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Home > Lucki Stars > Adding Insult

Adding Insult
by
Lucki Melander Wilder

Lucki, I think we're kindred spirits on the advertising thing.  I notice many of the same little nuances,
and have often thought I should keep a notebook handy to write them down.  -- Tom Ligon, SF author

It's surprising (or perhaps not) how many times I "Say what?!" to TV advertising, and want to share the fun with someone (everyone?) else.

Email me to subscribe or give feedback, or to call attention to your own (un)favorites. Not all feedback necessarily appears in this page, and may be edited for links, typos, multi-source redundancy, and relevancy. That doesn't mean we consider negative feedback irrelevant or refuse to post it, as negative feedback can often help us learn to do more and better.

2021-02-15
Medium Miss

There's this psychic being consulted by the young couple. The script pokes a bit of fun on the way to selling its car. I snorted at first, and then ruefully chuckled.

As often happens, there are two versions of this commerical. There's the long version that tells a complete story. Then, after a carefully calculated exposure timeframe, there's the typical shortened version the agencies place more economically to remind viewers of the longer advert.

Costumed female fortune teller with crystal ballIn the full ad, the psychic sees three things in s uccession, and addresses the couple accordingly.

1. She tells the young lady to dump her dating app 'cuz he's the one.
2. She says gesundheit a moment before her client sneezes.
3. She sees the stars of the right car for them.

Obviously the third point is the money shot. And the first point does a good job of immediately establishing what's going on. But that second point is the only one where we see the results of her actually knowing something before it happens. That is, the sneeze is indeed snoze.

Of course, she could've simply seen a nose wrinkle, made a guess, and taken a chance based on observational experience. Maybe she even intentionally wore an irritating perfume in hopes that it would cause one or both of the couple to sneeze. But let's give her the benefit of the doubt and say that middle point actually proved some sort of psychic foreknowledge.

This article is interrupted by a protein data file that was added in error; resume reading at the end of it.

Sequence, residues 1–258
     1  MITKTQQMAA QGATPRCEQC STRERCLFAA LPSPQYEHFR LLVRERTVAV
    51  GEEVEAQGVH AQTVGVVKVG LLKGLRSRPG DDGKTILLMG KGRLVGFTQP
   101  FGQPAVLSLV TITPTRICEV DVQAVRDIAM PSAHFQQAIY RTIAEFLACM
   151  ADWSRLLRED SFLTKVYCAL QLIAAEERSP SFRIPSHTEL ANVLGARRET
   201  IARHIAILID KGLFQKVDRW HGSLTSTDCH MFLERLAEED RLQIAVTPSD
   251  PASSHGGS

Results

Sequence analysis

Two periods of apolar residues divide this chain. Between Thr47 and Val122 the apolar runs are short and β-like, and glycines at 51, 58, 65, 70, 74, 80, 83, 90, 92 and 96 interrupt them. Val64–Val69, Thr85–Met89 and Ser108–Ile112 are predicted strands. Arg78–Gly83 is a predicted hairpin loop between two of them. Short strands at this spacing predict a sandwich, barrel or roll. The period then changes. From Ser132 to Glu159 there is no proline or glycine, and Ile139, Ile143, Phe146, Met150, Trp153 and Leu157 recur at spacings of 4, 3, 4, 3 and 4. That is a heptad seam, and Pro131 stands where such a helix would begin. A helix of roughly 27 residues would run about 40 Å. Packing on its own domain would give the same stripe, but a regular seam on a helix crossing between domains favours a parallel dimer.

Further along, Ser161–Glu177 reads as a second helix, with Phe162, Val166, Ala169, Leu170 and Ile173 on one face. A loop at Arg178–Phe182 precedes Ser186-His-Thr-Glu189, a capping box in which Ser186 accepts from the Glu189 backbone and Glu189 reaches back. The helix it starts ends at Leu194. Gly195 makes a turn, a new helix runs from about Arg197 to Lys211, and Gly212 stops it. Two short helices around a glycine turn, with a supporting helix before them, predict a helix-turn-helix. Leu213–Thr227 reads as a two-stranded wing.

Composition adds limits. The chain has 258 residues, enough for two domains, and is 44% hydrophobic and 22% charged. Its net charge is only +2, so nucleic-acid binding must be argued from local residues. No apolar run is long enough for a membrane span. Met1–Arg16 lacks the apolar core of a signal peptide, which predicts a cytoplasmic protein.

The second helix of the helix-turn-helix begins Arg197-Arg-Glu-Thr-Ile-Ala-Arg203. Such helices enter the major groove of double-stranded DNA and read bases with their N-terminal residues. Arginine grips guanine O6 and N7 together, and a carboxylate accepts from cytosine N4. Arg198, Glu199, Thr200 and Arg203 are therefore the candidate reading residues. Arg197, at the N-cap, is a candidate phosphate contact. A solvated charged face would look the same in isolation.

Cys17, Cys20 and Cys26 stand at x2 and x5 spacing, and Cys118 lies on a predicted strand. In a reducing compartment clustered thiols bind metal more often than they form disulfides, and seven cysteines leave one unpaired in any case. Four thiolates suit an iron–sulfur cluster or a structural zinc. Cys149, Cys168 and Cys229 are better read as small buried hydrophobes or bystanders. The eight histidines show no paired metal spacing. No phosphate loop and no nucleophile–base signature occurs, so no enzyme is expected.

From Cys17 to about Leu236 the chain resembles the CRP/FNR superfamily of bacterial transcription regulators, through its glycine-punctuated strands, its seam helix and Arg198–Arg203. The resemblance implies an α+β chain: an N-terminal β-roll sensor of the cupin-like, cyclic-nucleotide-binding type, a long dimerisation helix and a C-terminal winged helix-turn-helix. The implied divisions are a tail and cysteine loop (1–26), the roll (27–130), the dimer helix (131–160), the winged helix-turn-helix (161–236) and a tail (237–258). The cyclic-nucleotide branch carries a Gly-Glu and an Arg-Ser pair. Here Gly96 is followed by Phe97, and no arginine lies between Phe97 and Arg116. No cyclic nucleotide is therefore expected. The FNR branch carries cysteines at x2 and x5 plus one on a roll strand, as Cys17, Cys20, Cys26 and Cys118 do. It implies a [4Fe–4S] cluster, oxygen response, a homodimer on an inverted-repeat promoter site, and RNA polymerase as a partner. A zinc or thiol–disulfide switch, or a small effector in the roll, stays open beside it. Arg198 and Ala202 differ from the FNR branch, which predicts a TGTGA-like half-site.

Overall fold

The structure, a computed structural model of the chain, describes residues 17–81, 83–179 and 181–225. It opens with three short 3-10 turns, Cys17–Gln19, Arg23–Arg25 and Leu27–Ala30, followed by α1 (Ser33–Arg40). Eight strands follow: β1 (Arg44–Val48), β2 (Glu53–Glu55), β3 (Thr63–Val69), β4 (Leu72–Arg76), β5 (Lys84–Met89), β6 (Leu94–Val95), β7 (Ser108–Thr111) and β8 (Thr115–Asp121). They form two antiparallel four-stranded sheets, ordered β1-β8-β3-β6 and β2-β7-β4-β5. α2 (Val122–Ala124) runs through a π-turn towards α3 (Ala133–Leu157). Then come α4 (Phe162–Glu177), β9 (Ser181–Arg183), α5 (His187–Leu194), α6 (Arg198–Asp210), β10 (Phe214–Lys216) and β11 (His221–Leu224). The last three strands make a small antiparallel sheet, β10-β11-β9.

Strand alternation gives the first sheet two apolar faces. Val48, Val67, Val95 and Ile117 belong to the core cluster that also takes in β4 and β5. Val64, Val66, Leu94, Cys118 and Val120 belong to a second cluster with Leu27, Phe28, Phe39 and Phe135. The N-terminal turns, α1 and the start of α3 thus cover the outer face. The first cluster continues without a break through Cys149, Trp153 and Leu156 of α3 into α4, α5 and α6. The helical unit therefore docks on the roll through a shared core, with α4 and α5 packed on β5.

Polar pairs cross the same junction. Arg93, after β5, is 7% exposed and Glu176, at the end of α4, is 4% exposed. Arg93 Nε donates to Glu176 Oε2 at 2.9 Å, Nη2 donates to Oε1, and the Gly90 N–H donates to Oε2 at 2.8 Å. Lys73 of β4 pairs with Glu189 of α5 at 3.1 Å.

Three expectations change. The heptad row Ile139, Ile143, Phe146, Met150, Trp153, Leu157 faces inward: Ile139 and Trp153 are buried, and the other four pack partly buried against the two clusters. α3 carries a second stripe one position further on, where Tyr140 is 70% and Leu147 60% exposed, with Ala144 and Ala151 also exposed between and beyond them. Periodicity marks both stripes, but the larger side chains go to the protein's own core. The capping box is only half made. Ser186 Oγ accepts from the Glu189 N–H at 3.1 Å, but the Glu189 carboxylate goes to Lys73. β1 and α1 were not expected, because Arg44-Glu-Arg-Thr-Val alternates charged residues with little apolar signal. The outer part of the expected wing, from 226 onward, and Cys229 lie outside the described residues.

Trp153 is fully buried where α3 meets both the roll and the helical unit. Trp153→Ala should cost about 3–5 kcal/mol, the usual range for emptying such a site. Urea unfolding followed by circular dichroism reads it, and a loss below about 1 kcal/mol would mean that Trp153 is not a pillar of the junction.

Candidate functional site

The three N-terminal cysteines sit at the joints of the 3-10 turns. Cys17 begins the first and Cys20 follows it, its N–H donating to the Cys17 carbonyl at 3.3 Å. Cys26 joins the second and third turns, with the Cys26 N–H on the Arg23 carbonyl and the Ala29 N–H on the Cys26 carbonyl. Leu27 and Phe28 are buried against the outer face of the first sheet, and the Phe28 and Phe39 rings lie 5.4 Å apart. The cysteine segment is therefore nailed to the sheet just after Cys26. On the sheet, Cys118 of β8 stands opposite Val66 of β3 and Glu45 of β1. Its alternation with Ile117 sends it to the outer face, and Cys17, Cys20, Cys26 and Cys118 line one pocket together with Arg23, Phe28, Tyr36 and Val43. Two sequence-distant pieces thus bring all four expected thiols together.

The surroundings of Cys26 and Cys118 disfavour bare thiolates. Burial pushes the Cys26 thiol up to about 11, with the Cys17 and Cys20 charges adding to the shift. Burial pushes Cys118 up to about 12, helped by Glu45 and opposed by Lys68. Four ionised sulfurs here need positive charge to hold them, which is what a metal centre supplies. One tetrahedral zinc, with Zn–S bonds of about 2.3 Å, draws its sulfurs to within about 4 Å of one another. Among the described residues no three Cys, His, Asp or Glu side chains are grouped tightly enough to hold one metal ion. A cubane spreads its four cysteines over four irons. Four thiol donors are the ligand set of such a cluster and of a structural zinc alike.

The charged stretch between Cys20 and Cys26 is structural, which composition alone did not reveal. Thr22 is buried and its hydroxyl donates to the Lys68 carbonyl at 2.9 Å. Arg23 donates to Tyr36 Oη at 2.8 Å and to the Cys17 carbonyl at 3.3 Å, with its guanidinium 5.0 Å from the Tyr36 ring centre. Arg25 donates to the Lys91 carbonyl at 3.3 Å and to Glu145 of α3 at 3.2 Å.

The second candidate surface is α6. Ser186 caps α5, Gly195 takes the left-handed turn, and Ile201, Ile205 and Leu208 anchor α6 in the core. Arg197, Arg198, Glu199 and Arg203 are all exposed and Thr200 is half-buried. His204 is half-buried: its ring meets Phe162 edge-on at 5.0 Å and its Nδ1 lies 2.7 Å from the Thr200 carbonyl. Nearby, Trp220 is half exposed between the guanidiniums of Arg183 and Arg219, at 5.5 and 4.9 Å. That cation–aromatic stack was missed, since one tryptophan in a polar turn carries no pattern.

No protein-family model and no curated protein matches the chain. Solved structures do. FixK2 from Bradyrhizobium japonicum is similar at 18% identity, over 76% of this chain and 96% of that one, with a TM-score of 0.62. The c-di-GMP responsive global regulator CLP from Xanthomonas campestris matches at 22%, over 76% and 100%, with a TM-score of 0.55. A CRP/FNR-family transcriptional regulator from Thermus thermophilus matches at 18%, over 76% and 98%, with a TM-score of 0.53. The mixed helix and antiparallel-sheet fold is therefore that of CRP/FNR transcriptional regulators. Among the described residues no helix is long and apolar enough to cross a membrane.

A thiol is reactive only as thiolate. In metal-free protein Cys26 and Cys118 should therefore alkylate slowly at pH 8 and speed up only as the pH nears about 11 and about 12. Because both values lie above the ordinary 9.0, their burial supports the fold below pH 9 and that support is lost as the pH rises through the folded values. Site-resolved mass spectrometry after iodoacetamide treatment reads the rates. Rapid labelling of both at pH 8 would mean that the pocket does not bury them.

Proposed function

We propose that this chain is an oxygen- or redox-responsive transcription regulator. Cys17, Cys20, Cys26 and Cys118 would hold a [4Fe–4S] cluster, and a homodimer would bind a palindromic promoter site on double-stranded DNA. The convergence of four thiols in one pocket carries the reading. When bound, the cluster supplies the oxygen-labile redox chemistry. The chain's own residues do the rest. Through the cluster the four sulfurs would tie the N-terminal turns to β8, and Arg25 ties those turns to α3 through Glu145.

Then there's the short version. In which the second point is totally eliminated to help fit into the shorter duration. What little proof there was? Gone! The result? Now, the whole act looks like an obvious con game. And no one really wants to take advice about buying something - especiially something as expensive as a car - from a blatant, tricked-out con artist, do they? Which may be why I didn't see very many runs of that shorter version. Or, actually, of the longer one either.

Guess the medium didn't work more'n a little bit in the big city.

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Entries During
2021-2022

2021-02-15 Medium Miss

2021-01-20 Rollin' Along
2021-01-08 Dippity Dum

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2021-01-20
Rollin' Along

Last month, my first blog - Abiding Blog - celebrated its tenth anniversary. This month, it's Adding Insult's turn to do likewise. Yep, ten years old today. As my Number One Son would say, "Whoo hoo!"

This is the 90th entry in this blog. So I haven't actually posted one every month. OTOH, some of the entries (especially the ones with "Short" in the title) took on, like, two or five or a dozen commercials at once. So we've definitely lambasted at least 120 adverts. (And even complimented a couple ... how's that for being even-handed?) I say "we" 'cuz you've also had the chance to enjoy the occasional curmudgeonly guest rant from old friend and famed SF author Tom Ligon.

I hope you've been able to see all the commercials I panned, even if you had to use keywords to find them online. I hope you've had a hearty laugh or ten. I hope you've even found food for thought on occasion. I guarantee you I'm going to keep seeing pitches that make me go "Say what?!" Like the one with the lady who intentionally rolls: